Public Health Index
My articles relating to public health, including vaccination and gun violence.
Epidemiology is a complex study, involving not only the pathogens themselves, but also the people who get sick. Human behavior as a major influence on the spread of diseases, so many of my articles focus on the human aspect. I’m also somewhat skeptical of the consensus found in medical science, not because vaccines don’t work (they do), but rather because “vaccines work” doesn’t necessarily mean what people think that it does. What do I mean by that? Learn more by reading my articles.
I have a specific subindex dedicated to coronavirus related articles. I tried avoiding writing about the topic at first, but I think that was a mistake. It’s important to discuss such a pressing issue.
Index for Coronavirus Related Articles Written by Daniel Goldman
Selected curated articles about SARS-CoV-2 and other related topics.
I will probably continue to write about this topic, long after this epidemic has passed, in part because coronaviruses as a whole need to be recognized as a public health threat rather than a minor nuisance. If more attention had been paid to them, after the first SARS outbreak, we might not be having so much trouble with SARS-CoV-2 today!
Reforming Public Health and Crisis Response
Directly related to the topic of the coronavirus epidemic, and having significance far beyond it, or public health system as a whole is broken, and it needs serious reform.
Revising Public Health Practice
Sanitation, vaccines, control of various environmental factors that affect health, and much more have greatly improved…
In order to respond to epidemics, we have to understand them. While I plan on writing a lot more about epidemic models and the mathematics necessary to understand them, I do have an article on the basics of epidemiological models.
The Mathematics of Epidemiology
Why you need to understand the math in order to understand how pathogens spread.
Part of public health practice is finding safe and effective ways to improve quality of life, as a whole, rather than simply to treat a disease. If pain and suffering can be reduced, we can improve quality of life. While placebos have long been ignored as a viable treatment for anything, and have merely been considered a tool for scientific research, this idea is changing and that’s a good thing.
Placebo as Medicine
Why do people view the placebo effect as if it’s “no effect?” Consider the following quote by Steven Novella, MD over…
Speaking of improving quality of life, when trying to make decisions about how best to use limited resources, there are a number of factors that public health experts consider.
The Cost of Saving a Life
The public health system has to tackle the “Trolley Problem” all the time.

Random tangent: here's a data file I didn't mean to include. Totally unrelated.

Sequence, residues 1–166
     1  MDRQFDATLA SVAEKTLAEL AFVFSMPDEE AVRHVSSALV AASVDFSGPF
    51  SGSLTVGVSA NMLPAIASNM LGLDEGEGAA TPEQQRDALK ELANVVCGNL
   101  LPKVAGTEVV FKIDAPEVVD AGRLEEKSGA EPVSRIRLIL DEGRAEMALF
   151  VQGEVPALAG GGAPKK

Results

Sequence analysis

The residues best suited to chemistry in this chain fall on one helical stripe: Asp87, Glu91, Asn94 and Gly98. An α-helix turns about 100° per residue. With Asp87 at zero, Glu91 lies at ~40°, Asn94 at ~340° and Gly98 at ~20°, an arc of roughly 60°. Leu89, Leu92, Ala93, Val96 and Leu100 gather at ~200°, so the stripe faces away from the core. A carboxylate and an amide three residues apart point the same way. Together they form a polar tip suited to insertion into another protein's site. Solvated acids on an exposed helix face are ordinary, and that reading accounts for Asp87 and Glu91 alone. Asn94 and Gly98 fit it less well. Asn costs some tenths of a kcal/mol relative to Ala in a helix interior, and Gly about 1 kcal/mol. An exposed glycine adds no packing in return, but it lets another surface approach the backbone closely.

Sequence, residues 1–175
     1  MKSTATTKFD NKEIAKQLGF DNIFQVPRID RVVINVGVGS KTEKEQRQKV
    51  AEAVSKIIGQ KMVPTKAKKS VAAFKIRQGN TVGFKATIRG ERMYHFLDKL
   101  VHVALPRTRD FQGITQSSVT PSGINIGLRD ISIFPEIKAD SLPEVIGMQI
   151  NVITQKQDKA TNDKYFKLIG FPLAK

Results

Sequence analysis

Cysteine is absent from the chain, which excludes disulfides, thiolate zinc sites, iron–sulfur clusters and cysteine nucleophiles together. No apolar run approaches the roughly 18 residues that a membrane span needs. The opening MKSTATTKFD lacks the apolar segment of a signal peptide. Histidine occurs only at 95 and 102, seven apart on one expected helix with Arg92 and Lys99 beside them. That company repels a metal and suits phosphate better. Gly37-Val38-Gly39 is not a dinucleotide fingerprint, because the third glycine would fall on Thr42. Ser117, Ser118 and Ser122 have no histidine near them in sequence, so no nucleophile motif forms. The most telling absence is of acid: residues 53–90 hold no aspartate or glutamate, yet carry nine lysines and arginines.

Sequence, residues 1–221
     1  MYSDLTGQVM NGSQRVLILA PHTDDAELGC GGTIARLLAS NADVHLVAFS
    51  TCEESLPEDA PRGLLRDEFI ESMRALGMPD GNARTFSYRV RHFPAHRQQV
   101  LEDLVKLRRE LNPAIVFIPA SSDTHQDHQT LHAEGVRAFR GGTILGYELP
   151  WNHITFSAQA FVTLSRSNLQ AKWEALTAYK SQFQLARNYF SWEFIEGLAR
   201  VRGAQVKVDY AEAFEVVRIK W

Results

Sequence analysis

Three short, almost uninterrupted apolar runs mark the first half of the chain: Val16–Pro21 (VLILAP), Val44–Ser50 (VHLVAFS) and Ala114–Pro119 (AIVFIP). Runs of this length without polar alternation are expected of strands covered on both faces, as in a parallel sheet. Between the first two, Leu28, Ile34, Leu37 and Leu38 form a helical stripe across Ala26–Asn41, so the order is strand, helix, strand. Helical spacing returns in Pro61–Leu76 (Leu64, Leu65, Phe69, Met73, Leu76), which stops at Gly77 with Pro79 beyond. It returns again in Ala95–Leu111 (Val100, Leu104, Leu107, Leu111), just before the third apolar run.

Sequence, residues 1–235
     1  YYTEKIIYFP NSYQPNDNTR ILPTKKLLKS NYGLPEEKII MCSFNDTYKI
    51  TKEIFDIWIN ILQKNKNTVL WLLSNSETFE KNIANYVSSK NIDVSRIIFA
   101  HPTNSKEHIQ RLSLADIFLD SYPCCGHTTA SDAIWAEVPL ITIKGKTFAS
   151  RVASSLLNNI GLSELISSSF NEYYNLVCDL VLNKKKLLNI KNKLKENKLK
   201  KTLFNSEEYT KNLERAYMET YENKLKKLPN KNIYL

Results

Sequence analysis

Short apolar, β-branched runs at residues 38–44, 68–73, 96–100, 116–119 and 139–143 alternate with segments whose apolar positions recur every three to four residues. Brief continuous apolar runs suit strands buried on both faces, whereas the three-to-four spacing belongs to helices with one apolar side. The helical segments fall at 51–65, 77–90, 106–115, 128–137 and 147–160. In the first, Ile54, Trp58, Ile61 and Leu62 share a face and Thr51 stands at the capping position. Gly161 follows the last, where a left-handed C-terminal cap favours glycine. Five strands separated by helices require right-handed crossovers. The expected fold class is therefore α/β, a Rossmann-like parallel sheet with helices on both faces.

I’ve written many articles about public health, not just on Medium, but also in more scholarly formats. I call these articles “omniprints” in part because I’m not a huge fan of “preprints” being seen as a first step towards traditional publication, but rather as an alternative to the closed peer reviewed journal system.
Analyzing Measles Vaccine Coverage in the United States
Measles cases are on the rise in the United States, and around the world. One of the major proposed contributing…
Studying the Efficacy and Perception of Whooping Cough Vaccines
This paper addresses a brief history of Whooping Cough vaccines, and brings up a number of concerns regarding the…
Gun violence is a terrible thing. And it would be great if we could just snap our fingers and end gun violence, without any consequences of policy. But that’s simply not the case. But public health science can help us understand and solve gun violence.
The Epidemiology of Gun Related Violence
Epidemiology of gun related violence might seem odd, but violent deaths, including those associated with guns, should…
One of my main areas of interest is vaccine research. I’ve written a number of scholarly articles and communication articles related to vaccines. I also tried my hand at writing a comic to draw more attention to issues surrounding vaccine research. I came up with the designs, and an associate helped bring them to life.
One concern that I have is that the antivax movement, while a problem, is being used to explain away recent outbreaks of various diseases. And yet, science does not justify the position that the antivax is solely, or even primarily, responsible.
Is the Antivax Movement Being Used as a Scapegoat?
Vaccination is important, but the medical community is too quick to blame the antivax movement for recent measles…
On the opposite end of the spectrum, I’ve noticed that many people have become quite vocal against circumcision. While I’m not going to get into circumcision for religious purposes, there is a lot of medical science on the topic, and opposition to circumcision isn’t all that much different than antivax sentiment.